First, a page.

An introduction to Caladenia R.Br. Australasias jewel among terrestrial orchids
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Caladenia is a genus of more than 250 species of geophytic orchids in the Tribe Diurideae endemic to the Australasian Region. The genus in this broad sense has an exceptional diversity of insect pollination adaptations among its colourfully adorned species, from food-rewarding generalists to specialists achieving pollination by sexual deception of male thynnid wasps. The exploration of diversity in Caladenia involves many of the great names in the foundation of Australasian plant systematics, as well as reflecting a remarkable second phase of discovery and description over the past three decades. Molecular phylogenetics has greatly clarified relationships of Caladenia and established six major clades within the genus. Some researchers regard these clades as genera themselves, whereas they are treated as subgenera herein to maximise nomenclatural stability and information retrieval. More work is needed to adequately document relationships within each of these clades, and disputed matters of typification greatly influence nomenclature applied to many species if the six clades are recognised as genera. Given the relatively recent and ongoing discovery of so many new species in Caladenia, the biology of these orchids is only now being documented comprehensively. Significant advances in pollination ecology, mycorrhizal studies, horticulture and conservation biology are emerging that highlight the extraordinary ecological sensitivity and conservation vulnerability of the genus. Indeed, the high species number and complex biotic connections have resulted in no other genus of terrestrial orchids possessing such a large number of rare and threatened taxa. Some of this rich body of new data is presented by a diverse range of laboratories and researchers in this special issue. © CSIRO 2009.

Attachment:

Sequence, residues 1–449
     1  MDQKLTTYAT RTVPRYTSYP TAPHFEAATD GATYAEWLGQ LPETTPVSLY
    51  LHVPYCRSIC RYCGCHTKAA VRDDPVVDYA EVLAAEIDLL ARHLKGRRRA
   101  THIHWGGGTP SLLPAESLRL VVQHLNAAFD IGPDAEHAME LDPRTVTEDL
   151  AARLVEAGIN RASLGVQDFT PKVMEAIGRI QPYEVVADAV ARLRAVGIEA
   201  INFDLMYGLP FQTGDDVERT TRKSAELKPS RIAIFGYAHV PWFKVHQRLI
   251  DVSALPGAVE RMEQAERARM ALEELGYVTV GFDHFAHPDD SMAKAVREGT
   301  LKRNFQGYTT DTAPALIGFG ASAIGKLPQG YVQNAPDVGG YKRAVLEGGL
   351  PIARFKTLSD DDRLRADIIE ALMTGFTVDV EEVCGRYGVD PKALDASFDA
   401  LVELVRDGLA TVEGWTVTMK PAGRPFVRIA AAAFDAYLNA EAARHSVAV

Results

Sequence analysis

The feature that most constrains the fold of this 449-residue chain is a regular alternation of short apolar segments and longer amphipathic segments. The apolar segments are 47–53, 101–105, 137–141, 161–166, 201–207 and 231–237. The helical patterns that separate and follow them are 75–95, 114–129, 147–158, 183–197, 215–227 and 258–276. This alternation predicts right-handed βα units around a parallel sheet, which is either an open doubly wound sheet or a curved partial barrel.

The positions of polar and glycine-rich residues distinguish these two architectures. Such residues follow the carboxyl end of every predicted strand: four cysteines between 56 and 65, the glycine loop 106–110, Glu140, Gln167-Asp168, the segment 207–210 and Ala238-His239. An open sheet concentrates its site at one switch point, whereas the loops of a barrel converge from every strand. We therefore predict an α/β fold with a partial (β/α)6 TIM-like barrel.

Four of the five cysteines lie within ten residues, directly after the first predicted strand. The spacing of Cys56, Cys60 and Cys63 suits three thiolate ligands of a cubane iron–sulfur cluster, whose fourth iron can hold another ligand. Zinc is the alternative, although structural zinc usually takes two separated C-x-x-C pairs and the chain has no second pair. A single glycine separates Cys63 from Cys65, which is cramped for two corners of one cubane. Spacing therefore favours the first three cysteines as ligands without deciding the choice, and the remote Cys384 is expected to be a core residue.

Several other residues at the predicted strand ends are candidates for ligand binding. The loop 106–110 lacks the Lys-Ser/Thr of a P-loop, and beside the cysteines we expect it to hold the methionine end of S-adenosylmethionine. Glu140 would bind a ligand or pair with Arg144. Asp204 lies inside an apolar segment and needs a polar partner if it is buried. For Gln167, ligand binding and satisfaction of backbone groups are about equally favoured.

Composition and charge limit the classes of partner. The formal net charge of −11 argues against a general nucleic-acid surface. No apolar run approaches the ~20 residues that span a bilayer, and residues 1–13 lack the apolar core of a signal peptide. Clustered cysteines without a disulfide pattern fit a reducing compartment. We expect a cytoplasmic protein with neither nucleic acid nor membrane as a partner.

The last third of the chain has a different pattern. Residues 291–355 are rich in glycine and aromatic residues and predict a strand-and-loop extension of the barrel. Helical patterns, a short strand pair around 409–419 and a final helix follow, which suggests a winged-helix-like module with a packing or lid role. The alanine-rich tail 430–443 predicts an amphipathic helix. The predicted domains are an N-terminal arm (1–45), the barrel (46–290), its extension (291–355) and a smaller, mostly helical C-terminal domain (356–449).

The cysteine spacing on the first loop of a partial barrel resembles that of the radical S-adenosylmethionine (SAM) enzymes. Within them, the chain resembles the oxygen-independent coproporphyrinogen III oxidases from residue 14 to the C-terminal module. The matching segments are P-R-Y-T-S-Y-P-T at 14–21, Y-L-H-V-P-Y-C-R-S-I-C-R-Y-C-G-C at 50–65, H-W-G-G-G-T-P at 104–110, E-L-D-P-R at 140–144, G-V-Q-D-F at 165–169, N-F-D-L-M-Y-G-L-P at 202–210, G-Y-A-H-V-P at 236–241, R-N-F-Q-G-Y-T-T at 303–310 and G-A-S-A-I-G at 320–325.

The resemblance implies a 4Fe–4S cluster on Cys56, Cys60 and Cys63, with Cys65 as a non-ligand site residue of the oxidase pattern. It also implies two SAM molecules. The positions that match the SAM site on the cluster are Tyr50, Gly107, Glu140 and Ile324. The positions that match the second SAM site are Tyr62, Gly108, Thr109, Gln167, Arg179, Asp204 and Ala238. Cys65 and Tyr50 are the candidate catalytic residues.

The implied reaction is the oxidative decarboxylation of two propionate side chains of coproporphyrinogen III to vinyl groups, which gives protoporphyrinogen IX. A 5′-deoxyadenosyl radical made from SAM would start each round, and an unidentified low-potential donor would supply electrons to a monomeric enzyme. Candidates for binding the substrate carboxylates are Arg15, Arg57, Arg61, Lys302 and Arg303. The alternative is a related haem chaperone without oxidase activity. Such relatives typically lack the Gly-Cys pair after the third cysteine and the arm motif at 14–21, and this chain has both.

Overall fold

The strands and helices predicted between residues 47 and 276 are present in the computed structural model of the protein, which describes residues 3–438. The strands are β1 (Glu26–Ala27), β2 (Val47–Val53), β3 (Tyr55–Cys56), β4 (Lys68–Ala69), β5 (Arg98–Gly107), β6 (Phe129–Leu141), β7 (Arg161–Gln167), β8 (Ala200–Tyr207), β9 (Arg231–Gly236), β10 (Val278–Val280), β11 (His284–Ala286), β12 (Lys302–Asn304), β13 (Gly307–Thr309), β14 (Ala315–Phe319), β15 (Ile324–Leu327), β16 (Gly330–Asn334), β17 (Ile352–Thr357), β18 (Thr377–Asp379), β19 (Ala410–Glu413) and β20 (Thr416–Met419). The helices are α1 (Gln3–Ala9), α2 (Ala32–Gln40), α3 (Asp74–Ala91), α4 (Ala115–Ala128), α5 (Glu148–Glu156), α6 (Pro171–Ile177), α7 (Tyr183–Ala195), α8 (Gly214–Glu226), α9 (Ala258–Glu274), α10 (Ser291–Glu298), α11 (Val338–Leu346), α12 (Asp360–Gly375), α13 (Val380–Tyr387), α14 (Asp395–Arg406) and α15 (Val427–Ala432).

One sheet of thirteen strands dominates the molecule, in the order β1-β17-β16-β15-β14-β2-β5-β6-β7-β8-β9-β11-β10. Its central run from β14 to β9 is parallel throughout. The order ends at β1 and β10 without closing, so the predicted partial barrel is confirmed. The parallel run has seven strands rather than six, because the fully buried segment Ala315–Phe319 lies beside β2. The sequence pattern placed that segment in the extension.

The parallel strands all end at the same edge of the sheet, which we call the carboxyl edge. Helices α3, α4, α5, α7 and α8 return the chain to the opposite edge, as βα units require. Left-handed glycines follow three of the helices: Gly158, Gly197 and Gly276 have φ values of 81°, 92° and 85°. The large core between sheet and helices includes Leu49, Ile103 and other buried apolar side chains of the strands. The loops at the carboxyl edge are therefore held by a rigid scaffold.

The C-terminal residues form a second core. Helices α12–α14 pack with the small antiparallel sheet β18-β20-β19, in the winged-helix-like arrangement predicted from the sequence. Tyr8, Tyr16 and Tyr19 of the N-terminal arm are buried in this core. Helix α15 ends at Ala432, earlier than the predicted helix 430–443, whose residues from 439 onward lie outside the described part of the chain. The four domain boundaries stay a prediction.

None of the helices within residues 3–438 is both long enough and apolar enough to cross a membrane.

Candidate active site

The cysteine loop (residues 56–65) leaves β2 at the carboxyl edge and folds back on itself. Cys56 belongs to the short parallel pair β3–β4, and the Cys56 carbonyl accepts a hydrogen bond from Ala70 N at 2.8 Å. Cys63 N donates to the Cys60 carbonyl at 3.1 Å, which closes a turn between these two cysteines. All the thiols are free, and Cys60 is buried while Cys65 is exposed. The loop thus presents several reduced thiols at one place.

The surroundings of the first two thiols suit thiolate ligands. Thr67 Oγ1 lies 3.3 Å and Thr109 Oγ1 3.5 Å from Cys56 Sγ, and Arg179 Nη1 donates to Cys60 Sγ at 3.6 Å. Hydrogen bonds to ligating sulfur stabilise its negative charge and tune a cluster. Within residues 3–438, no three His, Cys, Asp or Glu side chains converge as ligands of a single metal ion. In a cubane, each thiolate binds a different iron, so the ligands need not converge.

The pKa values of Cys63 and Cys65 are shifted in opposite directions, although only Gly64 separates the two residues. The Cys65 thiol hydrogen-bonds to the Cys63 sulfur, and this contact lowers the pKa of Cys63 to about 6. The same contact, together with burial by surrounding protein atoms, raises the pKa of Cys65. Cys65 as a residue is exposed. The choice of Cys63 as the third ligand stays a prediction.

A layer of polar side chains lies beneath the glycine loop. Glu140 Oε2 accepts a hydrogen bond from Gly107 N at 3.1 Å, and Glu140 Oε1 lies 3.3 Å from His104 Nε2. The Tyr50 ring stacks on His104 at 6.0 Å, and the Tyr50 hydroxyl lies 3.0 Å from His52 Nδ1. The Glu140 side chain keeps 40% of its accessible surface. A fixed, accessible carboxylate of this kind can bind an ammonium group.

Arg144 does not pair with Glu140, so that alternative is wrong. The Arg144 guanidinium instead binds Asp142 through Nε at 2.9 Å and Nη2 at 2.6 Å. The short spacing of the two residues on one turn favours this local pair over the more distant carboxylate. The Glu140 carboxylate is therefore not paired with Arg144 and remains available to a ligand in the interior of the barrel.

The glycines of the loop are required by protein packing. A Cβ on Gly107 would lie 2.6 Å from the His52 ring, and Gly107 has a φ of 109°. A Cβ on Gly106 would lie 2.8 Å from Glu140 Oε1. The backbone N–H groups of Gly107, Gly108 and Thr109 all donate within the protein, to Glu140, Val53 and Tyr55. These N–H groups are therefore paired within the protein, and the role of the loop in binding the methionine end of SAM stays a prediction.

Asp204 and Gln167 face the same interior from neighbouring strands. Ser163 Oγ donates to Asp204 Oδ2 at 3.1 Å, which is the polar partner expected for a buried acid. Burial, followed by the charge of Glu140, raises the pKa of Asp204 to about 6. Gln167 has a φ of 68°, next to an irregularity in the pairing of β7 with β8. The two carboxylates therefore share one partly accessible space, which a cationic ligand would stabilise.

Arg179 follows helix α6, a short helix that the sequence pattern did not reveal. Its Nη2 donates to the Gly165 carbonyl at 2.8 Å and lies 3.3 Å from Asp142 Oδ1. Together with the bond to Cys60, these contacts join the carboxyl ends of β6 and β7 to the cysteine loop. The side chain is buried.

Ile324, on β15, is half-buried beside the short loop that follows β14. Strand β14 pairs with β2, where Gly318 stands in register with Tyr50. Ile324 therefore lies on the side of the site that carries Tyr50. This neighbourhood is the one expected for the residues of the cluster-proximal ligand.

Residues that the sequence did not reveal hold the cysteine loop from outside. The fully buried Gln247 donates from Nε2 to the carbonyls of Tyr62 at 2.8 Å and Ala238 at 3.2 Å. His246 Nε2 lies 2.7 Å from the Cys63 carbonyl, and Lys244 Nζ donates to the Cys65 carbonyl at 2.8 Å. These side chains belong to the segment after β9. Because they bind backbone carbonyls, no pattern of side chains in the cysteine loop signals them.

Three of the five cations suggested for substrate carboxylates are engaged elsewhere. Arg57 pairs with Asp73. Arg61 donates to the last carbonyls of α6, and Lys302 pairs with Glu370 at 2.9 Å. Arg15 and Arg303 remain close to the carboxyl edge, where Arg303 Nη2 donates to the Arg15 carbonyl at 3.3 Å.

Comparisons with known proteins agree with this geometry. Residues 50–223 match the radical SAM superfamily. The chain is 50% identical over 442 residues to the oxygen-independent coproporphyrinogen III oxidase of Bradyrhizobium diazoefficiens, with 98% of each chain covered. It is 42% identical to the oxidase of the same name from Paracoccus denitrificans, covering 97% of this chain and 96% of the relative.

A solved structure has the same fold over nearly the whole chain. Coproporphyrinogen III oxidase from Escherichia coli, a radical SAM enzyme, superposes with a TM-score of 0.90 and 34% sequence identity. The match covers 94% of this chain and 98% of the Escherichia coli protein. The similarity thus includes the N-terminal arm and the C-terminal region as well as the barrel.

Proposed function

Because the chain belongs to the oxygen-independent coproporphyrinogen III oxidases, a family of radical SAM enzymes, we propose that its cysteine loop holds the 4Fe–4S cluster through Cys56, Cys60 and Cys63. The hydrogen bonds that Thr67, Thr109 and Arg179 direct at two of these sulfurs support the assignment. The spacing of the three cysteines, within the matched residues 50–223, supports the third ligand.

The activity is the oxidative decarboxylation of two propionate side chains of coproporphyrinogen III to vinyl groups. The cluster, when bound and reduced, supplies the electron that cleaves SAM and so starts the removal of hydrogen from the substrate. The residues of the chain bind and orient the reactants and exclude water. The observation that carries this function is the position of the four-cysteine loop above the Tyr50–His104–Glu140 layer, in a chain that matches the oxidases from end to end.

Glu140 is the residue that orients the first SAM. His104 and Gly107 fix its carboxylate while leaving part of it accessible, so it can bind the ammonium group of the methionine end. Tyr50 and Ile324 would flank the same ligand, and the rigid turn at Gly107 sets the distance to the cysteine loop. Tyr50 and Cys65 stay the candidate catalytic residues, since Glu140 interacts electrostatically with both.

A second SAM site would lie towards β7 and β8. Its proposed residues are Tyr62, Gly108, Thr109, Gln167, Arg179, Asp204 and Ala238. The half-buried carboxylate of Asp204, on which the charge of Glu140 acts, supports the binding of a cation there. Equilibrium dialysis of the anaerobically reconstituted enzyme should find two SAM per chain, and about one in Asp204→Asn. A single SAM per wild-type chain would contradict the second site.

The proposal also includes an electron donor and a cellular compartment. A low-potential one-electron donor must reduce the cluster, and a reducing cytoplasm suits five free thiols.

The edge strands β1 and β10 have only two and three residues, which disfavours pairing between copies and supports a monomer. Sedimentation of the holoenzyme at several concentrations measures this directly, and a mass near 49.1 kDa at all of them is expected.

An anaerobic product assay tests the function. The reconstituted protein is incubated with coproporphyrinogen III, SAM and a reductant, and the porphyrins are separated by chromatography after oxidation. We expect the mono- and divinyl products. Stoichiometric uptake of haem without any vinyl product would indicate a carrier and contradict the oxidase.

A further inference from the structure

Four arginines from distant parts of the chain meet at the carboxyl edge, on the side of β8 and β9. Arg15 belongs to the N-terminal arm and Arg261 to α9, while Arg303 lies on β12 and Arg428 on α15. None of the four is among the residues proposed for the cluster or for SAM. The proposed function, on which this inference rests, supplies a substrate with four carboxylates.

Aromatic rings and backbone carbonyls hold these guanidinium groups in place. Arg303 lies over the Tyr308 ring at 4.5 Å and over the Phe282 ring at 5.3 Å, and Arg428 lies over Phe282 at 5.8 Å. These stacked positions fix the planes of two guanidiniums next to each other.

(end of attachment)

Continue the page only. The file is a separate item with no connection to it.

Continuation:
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Evolutionary relationships among pollinators and repeated pollinator sharing in sexually deceptive orchidsPhillips, R.; Brown, G.; Dixon, Kingsley; Hayes, C.; Linde, C.; Peakall, R. (2017)© 2017 European Society For Evolutionary Biology. The mechanism of pollinator attraction is predicted to strongly influence both plant diversification and the extent of pollinator sharing between species. Sexually deceptive ...
Whitehead, M.; Catullo, R.; Ruibal, M.; Dixon, Kingsley; Peakall, R.; Linde, C. (2017)The increasing availability of DNA sequence data enables exciting new opportunities for fungal ecology. However, it amplifies the challenge of how to objectively classify the diversity of fungal sequences into meaningful ...
Geographical range and host breadth of Sebacina orchid mycorrhizal fungi associating with Caladenia in south-western AustraliaPhillips, R.; Barrett, M.; Dalziell, E.; Dixon, Kingsley; Swarts, N. (2016)© 2016 The Linnean Society of London. Specialized mycorrhizal interactions have the potential to limit the geographical range of plant species and contribute to reproductive isolation. We investigated these predictions ...